He continued service under Martin V, who seems to have regarded him well, and after Martin's death, he was easily elected Pope, taking the name Eugene IV. It probably helped that he was related to Gregory XII and had worked so well with Martin V; he was someone who could be trusted to continue the reform of the Church. And he could. And therein lay many of his problems; a tactless man in charge of reforming things is bound to make enemies. Almost immediately, Eugene ran into problems with this. In order to achieve much of what he had achieved, Martin V had had to repeatedly rely on his very wealthy, very politically family. When Eugene became pope, he found that the Colonna family was, first, very used to having their requests heeded, and second, very used to being rewarded for their services for the Church, and they fully expected this to continue. Eugene and the Colonnas did not get along, and this was not a very good thing for Eugene, because the Colonna connections throughout Roman territory were indeed impressive, and they were capable of making infinite amounts of mischief  for the pope.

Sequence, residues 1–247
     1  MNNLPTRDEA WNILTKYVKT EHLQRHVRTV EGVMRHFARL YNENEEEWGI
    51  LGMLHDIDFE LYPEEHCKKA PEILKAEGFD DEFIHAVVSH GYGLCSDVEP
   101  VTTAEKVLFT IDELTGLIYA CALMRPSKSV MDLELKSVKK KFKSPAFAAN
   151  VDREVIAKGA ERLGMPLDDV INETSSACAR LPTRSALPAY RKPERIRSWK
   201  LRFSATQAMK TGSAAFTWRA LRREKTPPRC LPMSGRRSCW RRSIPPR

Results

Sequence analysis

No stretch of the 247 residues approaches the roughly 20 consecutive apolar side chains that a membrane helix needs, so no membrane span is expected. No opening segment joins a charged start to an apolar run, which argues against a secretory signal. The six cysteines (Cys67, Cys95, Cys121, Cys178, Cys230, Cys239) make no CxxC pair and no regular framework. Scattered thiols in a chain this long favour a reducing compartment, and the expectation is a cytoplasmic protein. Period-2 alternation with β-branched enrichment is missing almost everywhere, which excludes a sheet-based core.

In the meantime, Eugene had to deal with yet another problem. Martin V, following the conciliar plan for reform, had summoned a council in Basel, in accordance with the directions of the Council of Siena. He appointed a legate for it, Giuliano Cesarini, and then died. Thus the council called by Martin was opened under Eugene, and the representative for Eugene at the council was not a man he himself would have chosen. Cesarini became presiding figure of the council because he was Martin's choice. And we see as well a problem with the Constance plan of councils at defined intervals, namely, that events don't happen at regular intervals, and so holding a general council every set number of years without regard for what else happens to be going on, is just asking for conflicts. The Council of Basel will be plagued by such unexpected events. When the council opened, attendance was not great, and there were stories about conflicts between locals and attendees at the council, so Eugene concluded that it was best to close the council and have another one meet in a different place (Bologna) in about a year and a half, when the timing would be a little better. Unfortunately, he did this abruptly and without sounding out those participating in the council, with the result that he was seen as trying to block reform. The bishops at the council, including Cesarini, refused to accept Eugene's bull dissolving the council; they passed a decree stating the superiority of a general council to a pope, and summoned Eugene to the council to answer for himself. Needless to say, Eugene refused to be summoned to stand trial for doing something that he was entirely reasonable under the circumstances. Unfortunately for Eugene, the council had a slightly stronger political hand. The new Holy Roman Emperor, Sigismund, had always been a very strong supporter of the conciliarists (he had been a major player behind the Council of Constance years before), and he pressured Eugene into a compromise: Eugene would retract his bull dissolving the council and acknowledge the council as an ecumenical council, but since a general council has to be called by the pope, he would not have to accept any decrees passed during the time he wasn't acknowledging it (like the decree that general councils are superior to the pope). So the Council of Basel was undissolved and acknowledged as ecumenical in 1433.